The Court emphasized the fact that the Gartenberg standard preserves the substantial role of disinterested directors under the Investment Company Act. In this regard, the Court provided a framework from which the judiciary may delineate the degree of deference that should be afforded the decisions of the disinterested directors as required by Section 36(b)(2) of the Investment Company Act. The Court stressed the importance of both the procedure and substance of a board’s review of an investment adviser’s fee. The Court noted that Gartenberg advises that the expertise of the disinterested directors of a fund, whether they are fully informed about all facts bearing on the investment adviser’s service and fee, and the extent of care and conscientiousness with which they perform their duties, are important factors to be considered in deciding whether they and the investment adviser are guilty of a breach of fiduciary duty in violation of Section 36(b). The Court concluded that “[w]here a board’s process for negotiating and reviewing investment-adviser compensation is robust, a reviewing court should affordcommensurate deference to the outcome of the bargaining process.” Moreover, the Court stated that “if the disinterested directors considered the relevant factors, their decision to approve a particular fee agreement is entitled to considerable weight, even if a court might weigh the factors differently.” Thus, if a fee was negotiated by a board in possession of all relevant information, it could be considered excessive only if the plaintiff’s evidence proved that the feeis so disproportionately large that it bears no reasonable relationship to the services rendered and could not have been the product of arm’s-length bargaining. In contrast, the Court stated that “where the board’s process was deficient or the adviser withheld important information, the court must take a more rigorous look at the outcome.” Indeed, the Court decided that an adviser’s compliance or noncompliance with its disclosure obligations is a factor that must be consideredin calibrating the degree of deference that is due a board’s decision to approve an adviser’s fees.

In establishing a framework for judicial review of a claim brought under Section 36(b), the Court noted with approval that the Gartenberg standard insists that all relevant circumstances be taken into account and that a “range” of fees that might result from arm’s-length bargaining would not be actionable. The Court also cited, presumably with approval, the factors expressed in Gartenberg for making this determination.

The Court also addressed two types of comparisons often made in advisory fee litigation. The Court first addressed comparisons between the fees that an adviser charges a captive mutual fund and the fees that it charges its independent clients, noting that the Gartenberg court rejected a comparison between the fees that the adviser in that case charged a money market fund and the fees that it charged a pension fund. Because the Investment Company Act requires consideration of all relevant factors, the Court concluded that there can be no categorical rule regarding the comparisons of the fees charged different types of clients. Rather, the Court noted that a court reviewing a claim under Section 36(b) “may give such comparisons the weight that they merit in light of the similarities and differences between the services that the clients in question require, but courts must be wary of inapt comparisons.” In this regard, the Court acknowledged that there may be significant differences between the services an adviser provides to its mutual funds and its institutional accounts and that “[e]ven if the services provided and fees charged to an independent fund are relevant, courts should be mindful that the Act does not necessarily ensure fee parity between mutual funds and institutional clients….” The Court went on to state that “[i]f the services rendered are sufficiently different that a comparison is not probative, then courts must reject such a comparison.” The Court concluded that, “[o]nly where plaintiffs have shown a large disparity in fees that cannot be explained by the different services in addition to other evidence that the fee is outside the arm’s-length range will trial be appropriate.”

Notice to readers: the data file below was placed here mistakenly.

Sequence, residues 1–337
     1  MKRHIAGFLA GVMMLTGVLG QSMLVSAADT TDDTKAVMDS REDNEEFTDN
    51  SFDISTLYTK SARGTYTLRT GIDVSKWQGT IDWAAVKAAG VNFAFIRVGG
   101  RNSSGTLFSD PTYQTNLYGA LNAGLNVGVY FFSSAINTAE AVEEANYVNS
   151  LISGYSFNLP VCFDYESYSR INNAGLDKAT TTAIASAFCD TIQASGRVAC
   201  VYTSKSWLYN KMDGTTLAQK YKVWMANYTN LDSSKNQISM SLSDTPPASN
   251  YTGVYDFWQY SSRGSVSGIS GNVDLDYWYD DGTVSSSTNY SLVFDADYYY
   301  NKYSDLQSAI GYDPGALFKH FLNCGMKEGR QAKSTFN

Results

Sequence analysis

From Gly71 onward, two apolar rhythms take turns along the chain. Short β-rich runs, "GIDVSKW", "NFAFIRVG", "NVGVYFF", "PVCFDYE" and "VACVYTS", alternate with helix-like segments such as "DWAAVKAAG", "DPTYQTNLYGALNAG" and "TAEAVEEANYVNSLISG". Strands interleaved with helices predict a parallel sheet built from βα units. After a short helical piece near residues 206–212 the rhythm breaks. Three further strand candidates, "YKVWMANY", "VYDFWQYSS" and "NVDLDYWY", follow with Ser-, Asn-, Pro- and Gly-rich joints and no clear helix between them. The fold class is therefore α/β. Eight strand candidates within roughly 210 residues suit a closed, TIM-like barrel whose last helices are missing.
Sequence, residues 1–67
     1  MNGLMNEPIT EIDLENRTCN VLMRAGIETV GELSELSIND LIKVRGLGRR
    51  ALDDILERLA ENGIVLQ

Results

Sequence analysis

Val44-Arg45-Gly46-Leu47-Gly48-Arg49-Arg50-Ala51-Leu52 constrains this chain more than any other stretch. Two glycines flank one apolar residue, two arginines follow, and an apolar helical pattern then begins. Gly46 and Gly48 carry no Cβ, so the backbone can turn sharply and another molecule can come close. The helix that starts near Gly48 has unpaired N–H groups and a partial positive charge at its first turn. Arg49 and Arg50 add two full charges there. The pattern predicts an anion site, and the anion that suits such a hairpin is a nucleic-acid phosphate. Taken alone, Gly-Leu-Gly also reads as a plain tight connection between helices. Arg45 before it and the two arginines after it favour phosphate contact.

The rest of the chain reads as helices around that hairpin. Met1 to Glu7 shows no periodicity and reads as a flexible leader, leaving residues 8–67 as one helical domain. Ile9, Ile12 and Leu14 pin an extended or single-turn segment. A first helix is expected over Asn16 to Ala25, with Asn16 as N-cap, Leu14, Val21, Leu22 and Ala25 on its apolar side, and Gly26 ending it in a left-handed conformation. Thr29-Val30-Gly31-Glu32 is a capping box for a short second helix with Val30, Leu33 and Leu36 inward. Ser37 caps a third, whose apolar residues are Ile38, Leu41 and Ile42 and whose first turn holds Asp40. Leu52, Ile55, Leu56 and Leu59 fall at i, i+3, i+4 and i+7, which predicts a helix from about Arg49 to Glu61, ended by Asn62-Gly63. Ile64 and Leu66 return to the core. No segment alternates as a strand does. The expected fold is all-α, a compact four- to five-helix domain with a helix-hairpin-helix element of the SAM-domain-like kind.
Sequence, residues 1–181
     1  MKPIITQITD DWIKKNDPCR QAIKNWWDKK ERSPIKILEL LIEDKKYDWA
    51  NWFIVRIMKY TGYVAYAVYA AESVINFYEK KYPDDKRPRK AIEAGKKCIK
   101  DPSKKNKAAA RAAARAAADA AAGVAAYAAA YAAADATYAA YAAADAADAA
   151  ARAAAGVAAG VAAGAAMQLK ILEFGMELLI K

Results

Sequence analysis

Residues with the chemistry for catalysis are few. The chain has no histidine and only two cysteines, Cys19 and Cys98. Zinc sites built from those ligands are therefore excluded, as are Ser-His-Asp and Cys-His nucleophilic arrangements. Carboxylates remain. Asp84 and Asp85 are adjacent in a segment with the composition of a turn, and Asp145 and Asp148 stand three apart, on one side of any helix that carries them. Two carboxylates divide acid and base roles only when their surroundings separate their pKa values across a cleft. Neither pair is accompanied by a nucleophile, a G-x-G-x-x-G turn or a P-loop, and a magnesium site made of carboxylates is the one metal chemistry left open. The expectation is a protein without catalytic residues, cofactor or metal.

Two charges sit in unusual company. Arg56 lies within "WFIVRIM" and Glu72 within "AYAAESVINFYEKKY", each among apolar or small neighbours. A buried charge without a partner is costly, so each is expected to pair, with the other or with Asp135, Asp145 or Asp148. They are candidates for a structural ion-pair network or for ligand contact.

The Court also addressed comparisons of fees charged to mutual funds by other advisers. Here, the Court stated that “courts should not rely too heavily on comparisons with fees charged to mutual funds by other advisers.” The Court stated “[t]hese comparisons are problematic because these fees, like those challenged, may not be the product of negotiations conducted at arm’s length.” The Court’s decision raises a question as to how much deference a courtreviewing a claim under Section 36(b) will assign to a director’s conclusions that are principally based on comparisons to fees charged to other mutual funds. In light of this, fund boards may wish to document that approval of an advisory arrangement was not disproportionately dependent on the single fact of the comparison to other fees currently charged in the industry.


The practical implications of the Court’s decision are centered around the process and substance of a board’s review of a proposed advisory fee. The Harrisdecision affords substantial deference to the decision of the fund’s disinterested directors where those directors are well informed regarding a proposed advisory fee arrangement and where the investment adviser has made disclosure of the material facts relevant to the board’s review of the fee. Under thesecircumstances, plaintiffs cannot second-guess the conclusions of the disinterested directors when the fee charged is within a range that is not so disproportionately large that it bears no reasonable relationship to the services rendered and could not have been the product of arm’s length bargaining.

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The National Chamber Litigation Center (NCLC) is the leading voice of business in the courts. NCLC and its co-counsel, Willkie Farr & Gallagher LLP, filed an amicus brief in Jones v. Harris Associates.

The authors of this Case Alert, Richard D. Bernstein, Barry P. Barbash, and P. Jay Spinola (Willkie Farr & Gallagher LLP) can be reached at (202) 303-1000.Please contact Amar Sarwal, (202) 463-5337, for more information about NCLC’s securities litigation docket. Please contact Dan Kaufman, (202) 463-5337, for more information about NCLC.